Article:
Bonus Features:

  • Completely Digitally Remastered for the Ultimate in Picture and Sound Quality
  • Anamorphic Widescreen Presentation
  • Featurettes “Lasting Impressions,” “An Impromptu Walkabout with Adrian Lukis and Lucy Briers,” “Turning Point,” “Uncovering the Technical Restoration Process”
  • Behind-the-Scenes Featurette: “The Making of Pride and Prejudice”
  • English Subtitles

Additional Details:

  • Format: Box Set, Color, DVD-Video, NTSC
  • Number of Discs: 2
  • Run Time: 5 Hours 23 Minutes + extras
  • Region: 1
  • Aspect Ratio: 1.33:1
  • Language: English
  • Studio: A&E Television Networks
  • Closed Captioning: No
  • ASIN: B00364K6YW
  • UPC: 733961206739

I feel a P&P 1995 Twitter Party calling.

Austen at Large: Darcy and Davies: Adapting Mr. Darcy from the Novel to the Screen

Colin Firth as Mr. Darcy, Pride and Prejudice (1995)

Pride and Prejudice is Jane Austen’s most popular if not most adapted novel, and  its famous hero Mr. Darcy has been interpreted in many different ways. There have been several excellent period adaptations of Pride and Prejudice which present Darcy’s character differently, particularly Fay Weldon’s 1980 and Andrew Davies 1995 versions. These two adaptations master the characters of Austen’s work which is so important. Weldon’s perhaps captures it slightly better than Davies’ because she is not as focused on Darcy as he is. Davies’s tries to bring Darcy’s side of the story forward so that the viewer sympathizes with him and sees what a good character he is long before Elizabeth feels the same way. This goes against the feeling of the novel because the reader is guided by Elizabeth’s thoughts for the majority of the novel rather than understanding Darcy’s.

David Rintoul as Mr. Darcy, Pride and Prejudice (1980)

Pride and Prejudice‘s popularity has been growing over the years bringing more people to Jane Austen as well. Many of the adaptations are wonderful but the viewer has to keep in mind that it is the novel that is at the heart of the film. They should not depart drastically. Pride and Prejudice can be adapted faithfully to the novel while bringing the characters to life. It is only a matter of the writer and director doing it, some have and some have not.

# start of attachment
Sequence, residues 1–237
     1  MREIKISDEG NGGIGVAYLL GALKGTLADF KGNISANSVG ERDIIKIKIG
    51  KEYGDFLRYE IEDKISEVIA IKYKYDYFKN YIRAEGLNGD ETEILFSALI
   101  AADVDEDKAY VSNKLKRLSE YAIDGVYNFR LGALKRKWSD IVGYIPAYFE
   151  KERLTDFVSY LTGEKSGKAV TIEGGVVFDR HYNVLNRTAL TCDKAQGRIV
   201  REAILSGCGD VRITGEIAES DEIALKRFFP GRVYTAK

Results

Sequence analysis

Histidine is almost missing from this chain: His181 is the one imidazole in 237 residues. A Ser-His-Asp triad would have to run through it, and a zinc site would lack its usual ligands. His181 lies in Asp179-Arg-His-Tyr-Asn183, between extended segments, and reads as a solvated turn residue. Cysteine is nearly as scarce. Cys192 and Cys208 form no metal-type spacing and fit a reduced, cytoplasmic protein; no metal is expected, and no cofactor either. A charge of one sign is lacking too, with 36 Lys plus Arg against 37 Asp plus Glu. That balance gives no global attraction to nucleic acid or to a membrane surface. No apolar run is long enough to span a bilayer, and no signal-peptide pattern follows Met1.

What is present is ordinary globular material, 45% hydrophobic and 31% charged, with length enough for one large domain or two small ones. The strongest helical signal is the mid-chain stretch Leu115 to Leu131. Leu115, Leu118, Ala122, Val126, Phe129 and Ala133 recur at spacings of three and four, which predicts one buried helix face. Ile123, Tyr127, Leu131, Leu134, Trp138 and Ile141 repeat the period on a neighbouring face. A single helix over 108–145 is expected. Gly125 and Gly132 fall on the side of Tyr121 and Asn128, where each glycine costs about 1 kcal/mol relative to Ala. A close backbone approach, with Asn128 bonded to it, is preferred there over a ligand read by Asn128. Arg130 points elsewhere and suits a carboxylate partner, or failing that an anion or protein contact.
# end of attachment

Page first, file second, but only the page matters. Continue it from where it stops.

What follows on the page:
Mr. Darcy in the tub, Pride and Prejudice (1995)

Davies’ adaptation might as well be called “Darcy’s Story” at times. Darcy is a great character in the novel and yet the story is not about him. It is about Elizabeth, her relationship with her family, and then Darcy. In Davies screenplay Darcy’s point of view is given to the viewer to show us his softer side, the side Elizabeth can’t see immediately but the viewer can. In the novel Darcy is suppose to be constantly looking at Elizabeth and these looks can explain a lot about his character. Andrew Davies explained,

One of the first things that struck me about Pride and Prejudice is that the central motor which drives the story forward is Darcy’s sexual attraction to Elizabeth. He doesn’t particularly like her, he’s appalled by the rest of her family and he fights desperately against this attraction.” (BBC website)

In Davies’ version these looks are almost always of admiration and approbation, yet in other versions it is not easy to tell why Darcy is looking at Elizabeth. David Rintoul’s Darcy in the 1980 Weldon adaptation hides his facial expressions better than Firth’s 1995 Darcy does. Yet, perhaps Firth is meaning to wear emotions on his face (though this is not very Darcy like) to bring him more to life and to make him more agreeable. One positive aspect of Darcy in this adaptation is that he practically has to relearn everything he thought he knew about women to get Elizabeth. He has been use to objectifying them but when Elizabeth comes along, she sparks a change in him. The problem is that this is a little too fanciful. Darcy does change and for the better with Elizabeth’s help, but as Elizabeth points out to herself in the end of the novel “She remembered that he had yet to learn to be laughed at, and it was rather too early to begin“. He is not a completely changed creature and Elizabeth knows this. The viewer, like the reader should love Darcy in the end for the reasons Elizabeth does. That he is a gracious, kind, thoughtful man and he is better than we ever believed possible from their first encounter; yet for this to be successful the viewer cannot be idolizing over Darcy for three quarters of the film which is what most viewers are doing in this version.